May 14, 2019
As pollution and environmental policies continue to be the subject of international debate, you may hear the term “PM2.5” in the news. But what is PM2.5 and why should you care? Below, we’ve outlined the basics about this invisible pollutant and how it may be affecting your health.
Particulate matter, or PM, is the name given to fine dust or liquid particles that are suspended in the air we breathe. These particles can come from natural sources (such as pollen), or from human activities (such as fuel combustion).
Large PM (think: sand, pollen, or smoke) can be seen by the naked eye, but PM with a diameter of less than 10 micrometers (or PM10) is often too small to be perceived. That said, when fine PM exists in exceptionally high concentrations (as it does in Delhi and Beijing), it can form a visible haze. Regardless of whether or not we notice any visual changes in our air quality, inhaling high levels of fine particulate matter can have serious impacts on our health.
When scientists, doctors, politicians, and environmentalists talk about particle pollution, they’re usually talking about PM2.5 (particulate matter with a diameter of less than 2.5 microns). This super-fine, largely invisible pollutant is more than 30 times smaller than a single stand of human hair.
Due to its microscopic size, PM2.5 is easily inhaled and has the potential to travel deep into our respiratory tracts. Once there, it can cause chronic irritation, trigger allergies and asthma, and increase our risk of developing serious infections and disease such as COPD. More recent studies have also linked high particulate pollution levels to fertility complications and reduced life expectancy rates.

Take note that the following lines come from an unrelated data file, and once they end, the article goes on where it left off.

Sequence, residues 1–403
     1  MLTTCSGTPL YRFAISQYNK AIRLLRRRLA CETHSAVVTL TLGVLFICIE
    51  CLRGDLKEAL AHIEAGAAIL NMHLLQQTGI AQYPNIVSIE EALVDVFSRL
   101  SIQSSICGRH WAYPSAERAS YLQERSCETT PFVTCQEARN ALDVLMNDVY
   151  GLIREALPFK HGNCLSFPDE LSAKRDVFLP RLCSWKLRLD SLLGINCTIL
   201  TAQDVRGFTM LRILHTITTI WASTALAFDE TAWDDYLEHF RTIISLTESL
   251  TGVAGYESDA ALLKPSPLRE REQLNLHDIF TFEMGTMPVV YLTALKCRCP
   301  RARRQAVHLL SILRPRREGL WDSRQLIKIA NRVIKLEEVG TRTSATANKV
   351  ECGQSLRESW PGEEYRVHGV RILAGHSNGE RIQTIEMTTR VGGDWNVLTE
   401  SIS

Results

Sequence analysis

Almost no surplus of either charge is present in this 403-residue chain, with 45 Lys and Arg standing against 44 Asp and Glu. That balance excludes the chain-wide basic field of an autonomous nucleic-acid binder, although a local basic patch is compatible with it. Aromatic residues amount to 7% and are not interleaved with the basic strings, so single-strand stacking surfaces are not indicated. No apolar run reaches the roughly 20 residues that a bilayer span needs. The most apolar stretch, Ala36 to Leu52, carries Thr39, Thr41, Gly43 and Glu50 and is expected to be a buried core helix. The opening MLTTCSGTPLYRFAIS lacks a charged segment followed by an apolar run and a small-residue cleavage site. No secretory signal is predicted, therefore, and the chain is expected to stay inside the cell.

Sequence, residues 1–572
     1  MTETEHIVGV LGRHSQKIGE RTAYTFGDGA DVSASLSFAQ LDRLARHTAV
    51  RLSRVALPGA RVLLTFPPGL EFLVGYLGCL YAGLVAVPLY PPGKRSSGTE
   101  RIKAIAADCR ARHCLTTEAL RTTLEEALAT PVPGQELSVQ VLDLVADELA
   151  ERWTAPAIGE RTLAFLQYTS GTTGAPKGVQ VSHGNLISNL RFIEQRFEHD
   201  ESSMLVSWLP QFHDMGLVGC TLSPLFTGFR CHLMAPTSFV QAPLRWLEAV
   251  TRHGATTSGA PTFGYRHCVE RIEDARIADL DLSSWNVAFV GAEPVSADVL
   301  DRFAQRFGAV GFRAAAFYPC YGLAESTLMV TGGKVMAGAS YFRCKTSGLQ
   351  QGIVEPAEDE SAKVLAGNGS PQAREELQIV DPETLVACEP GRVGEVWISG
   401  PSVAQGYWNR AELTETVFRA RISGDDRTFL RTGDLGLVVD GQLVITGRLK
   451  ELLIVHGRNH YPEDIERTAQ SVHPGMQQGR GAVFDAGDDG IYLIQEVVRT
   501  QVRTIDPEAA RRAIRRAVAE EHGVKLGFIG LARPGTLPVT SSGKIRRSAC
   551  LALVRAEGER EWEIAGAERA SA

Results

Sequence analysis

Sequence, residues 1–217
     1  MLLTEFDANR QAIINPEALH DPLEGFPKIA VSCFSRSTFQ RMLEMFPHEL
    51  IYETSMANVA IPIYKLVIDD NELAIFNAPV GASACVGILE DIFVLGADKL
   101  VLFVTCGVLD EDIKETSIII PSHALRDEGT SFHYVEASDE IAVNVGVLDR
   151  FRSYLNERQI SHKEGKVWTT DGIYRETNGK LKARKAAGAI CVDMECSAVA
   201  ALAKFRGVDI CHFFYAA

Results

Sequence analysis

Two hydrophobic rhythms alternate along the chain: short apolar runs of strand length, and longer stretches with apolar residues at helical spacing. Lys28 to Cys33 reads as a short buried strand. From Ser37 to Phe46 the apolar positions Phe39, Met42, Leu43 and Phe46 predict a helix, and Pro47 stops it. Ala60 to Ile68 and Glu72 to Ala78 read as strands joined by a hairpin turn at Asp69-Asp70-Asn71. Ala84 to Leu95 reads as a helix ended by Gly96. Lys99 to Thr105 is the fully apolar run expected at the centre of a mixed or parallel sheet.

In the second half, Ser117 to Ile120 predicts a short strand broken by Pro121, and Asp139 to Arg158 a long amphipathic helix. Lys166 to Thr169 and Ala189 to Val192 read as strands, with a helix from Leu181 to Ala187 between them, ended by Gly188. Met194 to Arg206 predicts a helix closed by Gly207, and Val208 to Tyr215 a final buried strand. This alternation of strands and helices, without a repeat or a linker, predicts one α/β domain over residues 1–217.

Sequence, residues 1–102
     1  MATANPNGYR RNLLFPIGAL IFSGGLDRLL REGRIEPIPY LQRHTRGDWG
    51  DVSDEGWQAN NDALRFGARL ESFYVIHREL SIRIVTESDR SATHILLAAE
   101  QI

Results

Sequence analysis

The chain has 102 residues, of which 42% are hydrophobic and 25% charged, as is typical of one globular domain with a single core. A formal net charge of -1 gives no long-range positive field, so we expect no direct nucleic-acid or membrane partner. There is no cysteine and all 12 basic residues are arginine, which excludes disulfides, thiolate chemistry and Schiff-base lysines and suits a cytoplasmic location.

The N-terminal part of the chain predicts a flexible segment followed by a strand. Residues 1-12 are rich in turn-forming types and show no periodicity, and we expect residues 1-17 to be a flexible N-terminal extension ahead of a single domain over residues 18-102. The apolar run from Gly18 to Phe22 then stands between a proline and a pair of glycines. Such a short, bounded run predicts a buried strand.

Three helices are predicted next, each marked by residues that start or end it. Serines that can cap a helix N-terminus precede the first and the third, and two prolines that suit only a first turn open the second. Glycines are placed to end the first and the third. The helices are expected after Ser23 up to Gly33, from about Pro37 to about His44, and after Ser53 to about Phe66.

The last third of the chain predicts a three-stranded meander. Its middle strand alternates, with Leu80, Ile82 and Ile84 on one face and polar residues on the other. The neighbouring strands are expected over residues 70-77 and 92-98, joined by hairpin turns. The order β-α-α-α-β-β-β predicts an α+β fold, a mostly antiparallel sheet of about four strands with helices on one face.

Large, densely-populated cities tend to have higher PM2.5 levels because they’re epicenters of production and power consumption. In short, they're home to more vehicle traffic, construction projects, homes, businesses, and manufacturing facilities. That said, PM2.5 can rise in suburbs in proximity to high-pollutant areas or in relation to events like routine road paving, construction, or forest fires.
As research continues to surface about the consequences of high PM2.5 levels, more countries have started to take notice. Because PM2.5 is airborne, it has quickly spread beyond cities and has begun to influence human health on a global scale.
In recent years, some U.S. states and European countries have begun to take action by invoking PM2.5 standards, placing restrictions on business emissions, and enacting policies to reduce airborne pollution in metropolitan areas. In 2017, for instance, the U.K. announced a plan to eliminate speed bumps from city streets after a study showed that diesel cars emit 98 percent more nitrogen oxide when driving over a speed bump.